A rise in the number of shootings in Hartford over the past few weeks is concerning residents and police. It's not uncommon for violence to spike during summers in the city but it's not something that goes unnoticed.
Dyzhae Richardson was standing outside on Sisson Avenue talking to a friend when he heard gunshots. He tried to duck but it was too late—he'd been shot. He looked down and saw blood on his hands. It was the morning of June 30th.
"I got hit in different organs and different parts of my body," Richardson said. "It felt like I had ten cars on top of my stomach and as far as my leg, my leg was burning because the bullet hit my spine."
The 23-year-old screamed out for help from his friend, who'd ducked for cover. He put Richardson in the back seat of his car and drove him to Hartford Hospital. Richardson, who's known as rapper Ziggy da Great, spent his birthday in hospital. He said waking up in the ICU was undescribable.
"Everybody came and showed love," Richardson said. "I saw the whole city praying for me. You never know how much you mean to your city until something like that happens."Richardson spent about a week in the hospital. Since then, he's been getting around with a walker.
During the week of July 8th, there have been at least six shootings. Malcolm Carr, Caritaye Davis and Jorge Alicea were all fatally shot within three days. Alicea was Hartford's 14th homicide victim this year. Another man was fatally shot on Friday night at the intersection of Main Street and Mahl Avenue, making it the city's 15th homicide.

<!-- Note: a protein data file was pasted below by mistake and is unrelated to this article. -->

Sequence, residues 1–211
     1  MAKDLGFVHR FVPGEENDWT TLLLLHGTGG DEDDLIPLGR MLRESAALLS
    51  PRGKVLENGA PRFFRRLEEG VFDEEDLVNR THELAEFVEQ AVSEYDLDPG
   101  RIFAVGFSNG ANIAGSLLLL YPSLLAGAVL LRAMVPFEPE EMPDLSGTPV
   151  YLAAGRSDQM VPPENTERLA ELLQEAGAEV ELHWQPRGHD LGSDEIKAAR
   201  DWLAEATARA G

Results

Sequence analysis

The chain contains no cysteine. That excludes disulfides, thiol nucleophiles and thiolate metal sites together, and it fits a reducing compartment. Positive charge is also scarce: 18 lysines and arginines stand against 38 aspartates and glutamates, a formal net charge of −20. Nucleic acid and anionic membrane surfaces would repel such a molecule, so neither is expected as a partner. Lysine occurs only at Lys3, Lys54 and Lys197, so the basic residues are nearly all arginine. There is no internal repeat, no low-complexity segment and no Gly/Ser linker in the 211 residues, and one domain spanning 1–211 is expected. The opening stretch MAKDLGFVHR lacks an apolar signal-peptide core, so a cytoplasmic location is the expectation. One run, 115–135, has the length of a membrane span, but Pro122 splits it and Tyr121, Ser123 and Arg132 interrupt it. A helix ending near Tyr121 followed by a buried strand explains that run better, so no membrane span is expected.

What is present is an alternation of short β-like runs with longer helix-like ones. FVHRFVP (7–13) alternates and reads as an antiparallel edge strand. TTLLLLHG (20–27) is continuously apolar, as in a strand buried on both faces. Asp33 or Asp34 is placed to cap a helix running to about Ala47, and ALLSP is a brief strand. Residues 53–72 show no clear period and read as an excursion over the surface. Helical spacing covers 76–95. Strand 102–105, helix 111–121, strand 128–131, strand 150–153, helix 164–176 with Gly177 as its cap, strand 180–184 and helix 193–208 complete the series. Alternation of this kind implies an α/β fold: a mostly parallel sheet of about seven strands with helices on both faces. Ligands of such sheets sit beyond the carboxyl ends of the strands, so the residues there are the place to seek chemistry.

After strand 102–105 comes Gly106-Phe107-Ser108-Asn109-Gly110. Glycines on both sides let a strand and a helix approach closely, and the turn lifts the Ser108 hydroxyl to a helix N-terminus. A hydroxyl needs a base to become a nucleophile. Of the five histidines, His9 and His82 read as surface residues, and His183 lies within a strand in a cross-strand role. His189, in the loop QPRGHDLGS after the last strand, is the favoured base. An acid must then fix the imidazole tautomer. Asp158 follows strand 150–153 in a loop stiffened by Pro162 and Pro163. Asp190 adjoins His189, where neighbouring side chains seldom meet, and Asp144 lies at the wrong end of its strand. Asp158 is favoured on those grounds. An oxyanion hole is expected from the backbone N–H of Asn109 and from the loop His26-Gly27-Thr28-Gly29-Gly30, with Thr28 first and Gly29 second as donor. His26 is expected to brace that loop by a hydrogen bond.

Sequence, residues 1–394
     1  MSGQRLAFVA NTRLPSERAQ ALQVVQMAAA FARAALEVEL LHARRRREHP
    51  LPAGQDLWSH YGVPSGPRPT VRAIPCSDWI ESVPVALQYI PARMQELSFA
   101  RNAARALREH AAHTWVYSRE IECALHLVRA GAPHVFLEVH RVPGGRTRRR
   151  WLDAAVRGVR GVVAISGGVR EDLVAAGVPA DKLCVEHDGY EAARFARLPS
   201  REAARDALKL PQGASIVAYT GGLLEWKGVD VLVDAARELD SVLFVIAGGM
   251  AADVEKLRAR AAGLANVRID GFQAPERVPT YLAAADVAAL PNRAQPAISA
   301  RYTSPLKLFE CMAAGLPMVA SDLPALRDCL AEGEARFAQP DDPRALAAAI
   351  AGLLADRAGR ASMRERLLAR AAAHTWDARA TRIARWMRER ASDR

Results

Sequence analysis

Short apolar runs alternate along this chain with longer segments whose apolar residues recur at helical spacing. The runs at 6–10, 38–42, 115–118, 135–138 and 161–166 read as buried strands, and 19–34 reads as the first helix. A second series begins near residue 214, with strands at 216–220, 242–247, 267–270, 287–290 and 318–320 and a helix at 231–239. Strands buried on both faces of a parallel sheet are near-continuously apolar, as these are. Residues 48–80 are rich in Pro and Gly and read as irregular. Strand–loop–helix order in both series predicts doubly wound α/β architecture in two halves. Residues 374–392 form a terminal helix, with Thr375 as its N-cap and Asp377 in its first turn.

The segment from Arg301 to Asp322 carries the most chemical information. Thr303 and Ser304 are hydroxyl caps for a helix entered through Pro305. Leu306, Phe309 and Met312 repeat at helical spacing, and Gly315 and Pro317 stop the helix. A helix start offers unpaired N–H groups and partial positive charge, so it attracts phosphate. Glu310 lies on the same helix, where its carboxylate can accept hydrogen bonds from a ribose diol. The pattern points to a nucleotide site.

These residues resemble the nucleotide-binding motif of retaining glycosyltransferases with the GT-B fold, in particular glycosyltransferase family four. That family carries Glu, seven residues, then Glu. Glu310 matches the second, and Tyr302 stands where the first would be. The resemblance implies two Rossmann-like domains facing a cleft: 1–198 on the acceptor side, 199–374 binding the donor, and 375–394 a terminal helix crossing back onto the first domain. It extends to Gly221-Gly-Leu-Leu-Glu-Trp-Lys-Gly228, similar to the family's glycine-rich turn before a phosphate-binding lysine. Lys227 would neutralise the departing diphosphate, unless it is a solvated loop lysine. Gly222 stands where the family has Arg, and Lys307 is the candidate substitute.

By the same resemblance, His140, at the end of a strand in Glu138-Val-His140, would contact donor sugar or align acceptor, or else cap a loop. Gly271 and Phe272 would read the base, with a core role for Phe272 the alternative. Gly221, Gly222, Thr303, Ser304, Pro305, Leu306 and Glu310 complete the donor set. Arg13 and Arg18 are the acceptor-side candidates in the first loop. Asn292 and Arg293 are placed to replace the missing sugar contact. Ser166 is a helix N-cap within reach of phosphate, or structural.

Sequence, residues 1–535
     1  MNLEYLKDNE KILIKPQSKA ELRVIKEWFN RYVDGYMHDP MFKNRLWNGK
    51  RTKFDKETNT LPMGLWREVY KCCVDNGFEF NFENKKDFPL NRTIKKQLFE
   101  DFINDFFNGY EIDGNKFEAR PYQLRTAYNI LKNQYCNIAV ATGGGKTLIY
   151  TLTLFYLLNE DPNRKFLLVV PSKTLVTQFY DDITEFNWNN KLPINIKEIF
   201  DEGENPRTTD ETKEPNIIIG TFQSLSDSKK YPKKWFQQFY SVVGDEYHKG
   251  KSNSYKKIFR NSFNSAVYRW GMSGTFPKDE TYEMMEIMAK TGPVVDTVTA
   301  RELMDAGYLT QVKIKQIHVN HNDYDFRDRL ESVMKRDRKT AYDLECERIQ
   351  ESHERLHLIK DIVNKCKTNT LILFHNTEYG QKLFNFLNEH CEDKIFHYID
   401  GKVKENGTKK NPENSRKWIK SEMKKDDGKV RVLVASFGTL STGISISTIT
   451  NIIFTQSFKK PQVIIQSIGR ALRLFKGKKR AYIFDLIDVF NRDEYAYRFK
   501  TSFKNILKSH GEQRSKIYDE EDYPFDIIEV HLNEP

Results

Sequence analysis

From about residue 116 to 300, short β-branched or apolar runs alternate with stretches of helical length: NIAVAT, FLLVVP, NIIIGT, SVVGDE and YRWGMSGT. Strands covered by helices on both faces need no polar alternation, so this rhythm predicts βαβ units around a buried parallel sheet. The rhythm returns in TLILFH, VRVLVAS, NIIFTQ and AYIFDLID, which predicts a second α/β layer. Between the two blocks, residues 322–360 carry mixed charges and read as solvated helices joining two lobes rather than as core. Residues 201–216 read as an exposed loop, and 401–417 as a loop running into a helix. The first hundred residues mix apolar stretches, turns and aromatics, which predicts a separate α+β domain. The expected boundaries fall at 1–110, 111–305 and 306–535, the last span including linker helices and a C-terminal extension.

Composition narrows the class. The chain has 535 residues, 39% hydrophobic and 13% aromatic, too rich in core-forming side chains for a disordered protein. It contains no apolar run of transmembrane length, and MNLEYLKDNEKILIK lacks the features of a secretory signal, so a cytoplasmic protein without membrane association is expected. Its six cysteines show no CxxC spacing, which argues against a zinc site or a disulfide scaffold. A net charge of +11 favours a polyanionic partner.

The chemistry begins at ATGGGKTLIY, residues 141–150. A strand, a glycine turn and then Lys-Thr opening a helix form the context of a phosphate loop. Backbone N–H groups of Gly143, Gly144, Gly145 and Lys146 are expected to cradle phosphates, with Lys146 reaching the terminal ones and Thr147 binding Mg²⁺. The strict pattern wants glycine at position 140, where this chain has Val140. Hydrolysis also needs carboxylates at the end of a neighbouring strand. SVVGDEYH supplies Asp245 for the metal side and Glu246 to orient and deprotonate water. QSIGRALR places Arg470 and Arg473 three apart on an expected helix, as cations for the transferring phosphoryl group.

"The recent outburst of gun violence in the city has prompted us as a police department to increase visibility in the neighborhoods and to alleviate any concerns for the residents," said Lt. Paul Cicero. "We think it's unacceptable as well as the residents."
Preparation for the department's summer strategy begins in the spring. Officers work to target hot spots, assess areas that experienced violence during the winter, and work with the Department of Corrections to see who may be re-entering the community that had a history of violent crime.
Hartford police also work with community organizations Mothers United Against Violence and Peacebuilders to work together to address the violence in the city.
Cicero says there's no way to quantify preventing homicides besides comparing numbers from previous years. He says Shot Spotter—the technology that helps officers to identify where a shooting takes place—has definitely helped the department to get to shootings quicker and save lives.
Over 70 percent of shots fired and recorded on the technology are not called into police. At this time last year, there were 81 reported non-fatal shootings compared to 63 this year.